Plans for the space included a stacked washer and dryer, more accessible shelves, and a functional space for hanging laundry. My first step was to remove the shelf above the washer so I could fit the stackable machines. It took a crow bar and a little elbow grease but popped off pretty easily.
I taped everything off, filled in the nail holes and gave the walls a coat of Quiet Moments by Benjamin Moore. It’s a color I’ve used in a bathroom before and loved it. The ceiling got a coat of Simply White by Benjamin Moore.
I decided to do a little accent painting by taping off a border around the room about halfway up the wall.
I used a plastic cup, dipped it in white paint and painted random circles in the taped off section.
After the circles were dry I pulled off the painter’s tape and was pleased with the results!
Then it was time to move on to the shelves. I saved the shelf and the support boards that I removed from above the old washing machine and cut it into small shelves that would fit to the right of the pillar in the center of the closet. I needed two support boards for each shelf. I cut my short support boards at 5.5 inches and the long boards at 10 inches. I cut the three shelves at 6 x 10 inches so that the front of the shelf would hang over the support board just a little but still be even with the wall.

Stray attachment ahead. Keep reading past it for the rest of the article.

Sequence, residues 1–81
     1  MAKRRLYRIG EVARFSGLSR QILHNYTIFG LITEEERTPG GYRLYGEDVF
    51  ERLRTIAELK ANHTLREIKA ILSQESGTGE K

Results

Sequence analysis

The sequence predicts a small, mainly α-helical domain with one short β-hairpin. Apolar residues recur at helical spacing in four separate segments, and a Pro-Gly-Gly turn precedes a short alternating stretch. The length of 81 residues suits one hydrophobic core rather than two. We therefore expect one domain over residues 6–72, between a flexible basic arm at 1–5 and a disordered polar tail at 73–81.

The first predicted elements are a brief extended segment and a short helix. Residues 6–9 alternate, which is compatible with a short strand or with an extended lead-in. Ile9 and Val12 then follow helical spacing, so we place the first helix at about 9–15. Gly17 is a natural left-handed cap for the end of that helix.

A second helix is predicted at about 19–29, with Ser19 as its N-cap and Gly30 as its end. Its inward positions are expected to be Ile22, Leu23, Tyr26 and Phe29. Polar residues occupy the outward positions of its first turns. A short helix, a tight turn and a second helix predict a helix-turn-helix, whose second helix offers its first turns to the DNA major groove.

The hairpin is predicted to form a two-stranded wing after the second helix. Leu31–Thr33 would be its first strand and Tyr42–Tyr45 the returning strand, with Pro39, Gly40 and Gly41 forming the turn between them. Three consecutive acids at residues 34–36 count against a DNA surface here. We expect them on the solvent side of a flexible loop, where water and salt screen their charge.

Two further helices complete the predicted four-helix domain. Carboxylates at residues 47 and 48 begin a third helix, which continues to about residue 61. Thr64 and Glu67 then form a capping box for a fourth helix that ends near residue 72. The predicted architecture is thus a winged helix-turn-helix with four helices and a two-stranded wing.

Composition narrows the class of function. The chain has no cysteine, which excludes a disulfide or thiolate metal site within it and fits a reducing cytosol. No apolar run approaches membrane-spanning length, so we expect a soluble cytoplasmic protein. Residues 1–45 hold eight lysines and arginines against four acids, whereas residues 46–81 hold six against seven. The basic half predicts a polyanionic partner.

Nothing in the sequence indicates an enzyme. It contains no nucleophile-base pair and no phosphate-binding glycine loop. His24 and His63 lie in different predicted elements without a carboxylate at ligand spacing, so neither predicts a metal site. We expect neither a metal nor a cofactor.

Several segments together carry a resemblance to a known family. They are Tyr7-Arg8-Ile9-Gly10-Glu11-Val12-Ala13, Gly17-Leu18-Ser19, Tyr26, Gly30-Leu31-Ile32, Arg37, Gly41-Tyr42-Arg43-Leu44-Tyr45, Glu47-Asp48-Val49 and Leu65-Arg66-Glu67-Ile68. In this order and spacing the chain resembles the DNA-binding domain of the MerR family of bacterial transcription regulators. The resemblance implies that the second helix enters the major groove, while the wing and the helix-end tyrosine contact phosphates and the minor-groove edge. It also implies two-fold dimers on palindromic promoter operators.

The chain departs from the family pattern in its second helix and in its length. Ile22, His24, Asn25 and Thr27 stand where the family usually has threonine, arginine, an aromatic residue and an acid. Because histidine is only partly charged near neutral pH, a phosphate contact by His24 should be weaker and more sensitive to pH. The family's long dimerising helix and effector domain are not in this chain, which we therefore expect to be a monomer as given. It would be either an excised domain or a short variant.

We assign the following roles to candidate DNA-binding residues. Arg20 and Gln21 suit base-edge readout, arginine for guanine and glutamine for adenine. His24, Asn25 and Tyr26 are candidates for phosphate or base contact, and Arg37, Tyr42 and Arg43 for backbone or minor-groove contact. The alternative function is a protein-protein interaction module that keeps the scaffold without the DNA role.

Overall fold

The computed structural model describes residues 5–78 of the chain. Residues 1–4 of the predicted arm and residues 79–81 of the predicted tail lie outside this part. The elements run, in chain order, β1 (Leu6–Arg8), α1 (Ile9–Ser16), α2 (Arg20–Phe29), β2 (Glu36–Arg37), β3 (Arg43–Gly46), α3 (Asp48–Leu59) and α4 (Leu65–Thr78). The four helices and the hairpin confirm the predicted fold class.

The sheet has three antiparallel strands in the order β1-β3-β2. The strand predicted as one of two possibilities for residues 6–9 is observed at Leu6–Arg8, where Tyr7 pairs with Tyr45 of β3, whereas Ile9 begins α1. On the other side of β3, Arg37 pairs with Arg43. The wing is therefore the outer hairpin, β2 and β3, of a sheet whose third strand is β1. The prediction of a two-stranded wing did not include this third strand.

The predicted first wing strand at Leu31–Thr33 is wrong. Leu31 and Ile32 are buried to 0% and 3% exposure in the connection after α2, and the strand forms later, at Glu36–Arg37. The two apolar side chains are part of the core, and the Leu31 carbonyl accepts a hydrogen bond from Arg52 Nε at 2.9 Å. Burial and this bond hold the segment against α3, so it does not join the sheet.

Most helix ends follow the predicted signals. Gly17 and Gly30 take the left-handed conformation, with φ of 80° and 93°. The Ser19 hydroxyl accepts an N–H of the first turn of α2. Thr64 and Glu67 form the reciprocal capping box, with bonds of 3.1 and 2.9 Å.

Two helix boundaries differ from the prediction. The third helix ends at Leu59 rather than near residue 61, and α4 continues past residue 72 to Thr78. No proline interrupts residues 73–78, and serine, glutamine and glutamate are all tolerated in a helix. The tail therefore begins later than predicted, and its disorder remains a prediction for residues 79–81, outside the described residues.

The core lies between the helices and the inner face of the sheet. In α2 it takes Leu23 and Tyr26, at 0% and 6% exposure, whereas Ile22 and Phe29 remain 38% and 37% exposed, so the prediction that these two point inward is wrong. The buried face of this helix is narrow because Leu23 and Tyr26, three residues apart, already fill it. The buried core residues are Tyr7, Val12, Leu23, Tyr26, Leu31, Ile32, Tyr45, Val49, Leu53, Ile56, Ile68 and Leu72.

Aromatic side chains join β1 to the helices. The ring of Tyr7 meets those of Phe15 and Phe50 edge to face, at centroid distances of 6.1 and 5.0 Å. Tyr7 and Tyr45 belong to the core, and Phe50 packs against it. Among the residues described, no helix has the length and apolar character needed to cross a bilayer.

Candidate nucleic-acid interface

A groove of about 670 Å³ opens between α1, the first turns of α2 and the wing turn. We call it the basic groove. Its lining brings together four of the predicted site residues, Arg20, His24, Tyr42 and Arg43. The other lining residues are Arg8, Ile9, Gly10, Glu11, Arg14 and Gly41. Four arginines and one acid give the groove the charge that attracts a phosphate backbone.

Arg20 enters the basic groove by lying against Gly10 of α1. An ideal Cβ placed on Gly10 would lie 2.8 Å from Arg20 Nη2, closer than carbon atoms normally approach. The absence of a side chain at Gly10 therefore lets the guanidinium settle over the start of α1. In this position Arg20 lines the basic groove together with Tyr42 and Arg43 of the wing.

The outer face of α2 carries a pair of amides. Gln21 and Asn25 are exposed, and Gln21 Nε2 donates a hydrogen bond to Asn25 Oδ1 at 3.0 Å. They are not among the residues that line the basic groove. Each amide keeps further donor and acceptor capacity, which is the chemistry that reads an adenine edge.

All of the shelf pieces got a coat of white paint and they were ready to go up on the wall. For installation I nailed up the two support boards (one short and one long) for each shelf. The long support was flush with the wall on the left and the short support rests against the long board. I decided on 18 inches as the magic number between my shelves. That gave me enough room for tall detergent bottles! After the support boards were in I nailed in the shelf into the supports. These small shelves were the same design as the existing shelves so they matched and were very easy to install.
I left the existing shelf that was above the original dryer. I taped off the newly painted walls and painted that white to match my new small shelves (the wall color is so different in this picture because it was before I installed the new LED bulb).